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1 in 5 millennials think vaccines cause autism

Americans ages 18 to 29 are more likely to oppose mandatory childhood vaccination and say vaccines can cause autism, according to a new survey.

A survey of 1,000 US adults by YouGov, conducted between January 26 and January 28, found 21 percent of young adults believe the long-debunked idea that vaccines cause autism, while just 13 percent of all US adults agree.

(YouGov)

The empirical research on this issue is clear: there is no connection between vaccines and autism. The Lancet, a British medical journal, in 2010 retracted a high-profile study from 1998 that falsely claimed to find a link between vaccines and autism, discrediting the one major piece of evidence vaccine skeptics cited in the past.

The YouGov survey also found 57 percent of Americans support mandatory childhood vaccinations, while 32 percent say parents should decide. Younger adults were much more likely to say childhood vaccination should be optional.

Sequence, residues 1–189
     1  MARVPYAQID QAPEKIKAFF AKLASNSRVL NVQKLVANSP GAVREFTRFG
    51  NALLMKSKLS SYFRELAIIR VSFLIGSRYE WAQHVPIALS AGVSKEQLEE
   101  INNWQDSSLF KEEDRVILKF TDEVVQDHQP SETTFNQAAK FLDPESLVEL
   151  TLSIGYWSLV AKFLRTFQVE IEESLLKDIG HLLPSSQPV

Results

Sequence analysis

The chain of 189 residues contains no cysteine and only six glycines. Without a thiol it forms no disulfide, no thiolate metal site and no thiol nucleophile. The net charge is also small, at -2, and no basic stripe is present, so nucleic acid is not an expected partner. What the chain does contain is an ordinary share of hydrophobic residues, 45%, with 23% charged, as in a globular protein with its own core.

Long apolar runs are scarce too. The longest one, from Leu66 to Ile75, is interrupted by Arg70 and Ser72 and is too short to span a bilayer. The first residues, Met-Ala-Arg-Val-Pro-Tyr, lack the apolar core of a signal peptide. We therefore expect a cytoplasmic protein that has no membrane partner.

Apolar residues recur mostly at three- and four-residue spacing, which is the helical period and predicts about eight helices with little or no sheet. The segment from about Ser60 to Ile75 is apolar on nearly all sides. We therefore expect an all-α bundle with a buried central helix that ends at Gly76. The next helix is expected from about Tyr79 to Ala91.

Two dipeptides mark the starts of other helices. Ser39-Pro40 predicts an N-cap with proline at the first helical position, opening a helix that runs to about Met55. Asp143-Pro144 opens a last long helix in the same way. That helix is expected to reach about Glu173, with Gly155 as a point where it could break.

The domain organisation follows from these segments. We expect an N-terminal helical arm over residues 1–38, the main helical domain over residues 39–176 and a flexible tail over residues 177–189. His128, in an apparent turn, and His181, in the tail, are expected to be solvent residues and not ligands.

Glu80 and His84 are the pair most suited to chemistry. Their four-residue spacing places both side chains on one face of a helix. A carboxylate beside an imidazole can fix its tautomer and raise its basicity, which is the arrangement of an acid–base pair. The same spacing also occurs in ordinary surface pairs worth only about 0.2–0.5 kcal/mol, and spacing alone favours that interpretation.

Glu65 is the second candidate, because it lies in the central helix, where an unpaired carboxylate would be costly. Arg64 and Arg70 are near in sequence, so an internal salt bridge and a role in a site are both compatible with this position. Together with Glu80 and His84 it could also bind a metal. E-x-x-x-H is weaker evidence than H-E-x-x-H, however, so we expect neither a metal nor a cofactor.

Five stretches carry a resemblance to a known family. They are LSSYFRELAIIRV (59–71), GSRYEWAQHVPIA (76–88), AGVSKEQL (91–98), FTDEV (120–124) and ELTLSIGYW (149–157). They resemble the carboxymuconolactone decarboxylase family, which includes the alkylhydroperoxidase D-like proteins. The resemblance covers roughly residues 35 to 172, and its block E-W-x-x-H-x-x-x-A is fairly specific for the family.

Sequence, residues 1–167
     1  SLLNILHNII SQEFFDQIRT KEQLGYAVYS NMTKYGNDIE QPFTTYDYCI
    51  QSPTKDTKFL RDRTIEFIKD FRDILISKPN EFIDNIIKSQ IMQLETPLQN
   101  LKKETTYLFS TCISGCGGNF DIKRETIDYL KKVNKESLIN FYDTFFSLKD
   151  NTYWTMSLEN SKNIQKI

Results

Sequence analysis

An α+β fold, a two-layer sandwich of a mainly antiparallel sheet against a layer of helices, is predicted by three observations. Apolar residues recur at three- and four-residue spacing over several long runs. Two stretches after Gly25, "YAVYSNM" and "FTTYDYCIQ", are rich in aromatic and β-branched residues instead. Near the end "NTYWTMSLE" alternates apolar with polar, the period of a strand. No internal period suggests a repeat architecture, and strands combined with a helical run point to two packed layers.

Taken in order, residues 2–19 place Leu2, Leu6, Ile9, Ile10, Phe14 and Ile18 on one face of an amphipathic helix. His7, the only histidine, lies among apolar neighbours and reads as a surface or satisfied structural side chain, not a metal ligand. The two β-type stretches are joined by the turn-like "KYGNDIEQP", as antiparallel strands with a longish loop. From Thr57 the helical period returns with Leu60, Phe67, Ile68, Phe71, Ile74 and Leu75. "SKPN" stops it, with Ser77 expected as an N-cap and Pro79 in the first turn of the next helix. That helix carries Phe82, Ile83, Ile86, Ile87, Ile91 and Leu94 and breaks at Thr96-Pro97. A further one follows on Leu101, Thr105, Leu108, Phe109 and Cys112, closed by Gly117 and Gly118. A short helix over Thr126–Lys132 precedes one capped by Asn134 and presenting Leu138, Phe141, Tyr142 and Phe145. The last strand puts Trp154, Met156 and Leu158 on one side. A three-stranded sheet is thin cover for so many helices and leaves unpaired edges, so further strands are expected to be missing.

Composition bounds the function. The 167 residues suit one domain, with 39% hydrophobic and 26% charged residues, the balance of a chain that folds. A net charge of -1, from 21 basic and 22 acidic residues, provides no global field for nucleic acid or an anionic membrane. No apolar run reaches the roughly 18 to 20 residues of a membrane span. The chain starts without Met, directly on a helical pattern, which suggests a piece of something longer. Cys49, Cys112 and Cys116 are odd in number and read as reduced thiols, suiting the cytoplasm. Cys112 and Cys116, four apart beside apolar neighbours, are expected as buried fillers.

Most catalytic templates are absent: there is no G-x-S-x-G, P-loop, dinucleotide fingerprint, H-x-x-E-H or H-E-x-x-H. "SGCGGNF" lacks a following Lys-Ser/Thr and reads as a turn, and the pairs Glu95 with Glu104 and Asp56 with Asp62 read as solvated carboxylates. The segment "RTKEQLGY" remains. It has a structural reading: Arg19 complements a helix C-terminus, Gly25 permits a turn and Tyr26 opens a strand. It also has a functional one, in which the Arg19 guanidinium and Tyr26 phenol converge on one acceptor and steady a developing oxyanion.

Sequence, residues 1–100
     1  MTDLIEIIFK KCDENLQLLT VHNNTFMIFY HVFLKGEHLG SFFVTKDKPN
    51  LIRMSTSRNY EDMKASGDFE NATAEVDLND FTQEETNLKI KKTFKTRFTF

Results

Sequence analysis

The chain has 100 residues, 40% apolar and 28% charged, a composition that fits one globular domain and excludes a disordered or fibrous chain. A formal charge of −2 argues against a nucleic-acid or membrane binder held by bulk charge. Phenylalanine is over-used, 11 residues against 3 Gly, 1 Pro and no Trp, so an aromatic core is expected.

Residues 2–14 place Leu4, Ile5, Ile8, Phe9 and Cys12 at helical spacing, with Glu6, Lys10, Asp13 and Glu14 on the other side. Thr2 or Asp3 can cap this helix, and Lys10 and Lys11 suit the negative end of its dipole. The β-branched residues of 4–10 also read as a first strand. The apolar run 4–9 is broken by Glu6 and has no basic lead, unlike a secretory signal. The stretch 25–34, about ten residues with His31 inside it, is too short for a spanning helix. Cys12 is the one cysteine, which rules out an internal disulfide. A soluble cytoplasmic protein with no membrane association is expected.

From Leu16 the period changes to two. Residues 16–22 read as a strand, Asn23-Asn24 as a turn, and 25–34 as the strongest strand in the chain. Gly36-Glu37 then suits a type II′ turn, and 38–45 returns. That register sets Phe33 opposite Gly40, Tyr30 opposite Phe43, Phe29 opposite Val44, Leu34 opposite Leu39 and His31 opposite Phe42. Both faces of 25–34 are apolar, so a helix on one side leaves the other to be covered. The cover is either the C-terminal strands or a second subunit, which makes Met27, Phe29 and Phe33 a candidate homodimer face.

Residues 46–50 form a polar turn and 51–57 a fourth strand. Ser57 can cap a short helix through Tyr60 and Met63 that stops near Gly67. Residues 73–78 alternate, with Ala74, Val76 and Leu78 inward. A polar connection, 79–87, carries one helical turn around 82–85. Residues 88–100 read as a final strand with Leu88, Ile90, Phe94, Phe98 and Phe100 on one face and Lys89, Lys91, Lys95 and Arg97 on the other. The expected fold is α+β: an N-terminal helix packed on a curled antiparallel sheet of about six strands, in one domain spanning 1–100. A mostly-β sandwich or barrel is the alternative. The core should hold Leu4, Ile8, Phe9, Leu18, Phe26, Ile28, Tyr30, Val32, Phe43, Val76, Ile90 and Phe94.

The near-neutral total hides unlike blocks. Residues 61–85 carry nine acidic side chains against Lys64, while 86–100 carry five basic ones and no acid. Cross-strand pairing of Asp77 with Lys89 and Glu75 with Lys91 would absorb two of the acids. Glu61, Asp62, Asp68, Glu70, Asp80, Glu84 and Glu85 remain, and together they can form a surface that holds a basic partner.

(YouGov)

Many schools and states require vaccination to support what's known as herd or community immunity, a coverage threshold that effectively prevents an illness from spreading. Vaccinated people essentially act as barriers to outbreaks, since diseases can't pass through them and infect other people. This barrier helps protect some of the most vulnerable populations: infants under 12 months of age, who can't get vaccinated and are more susceptible to infection, and the elderly, who have a higher risk of death if they contract these illnesses.

Vox's Dylan Matthews explains why it's so important to vaccinate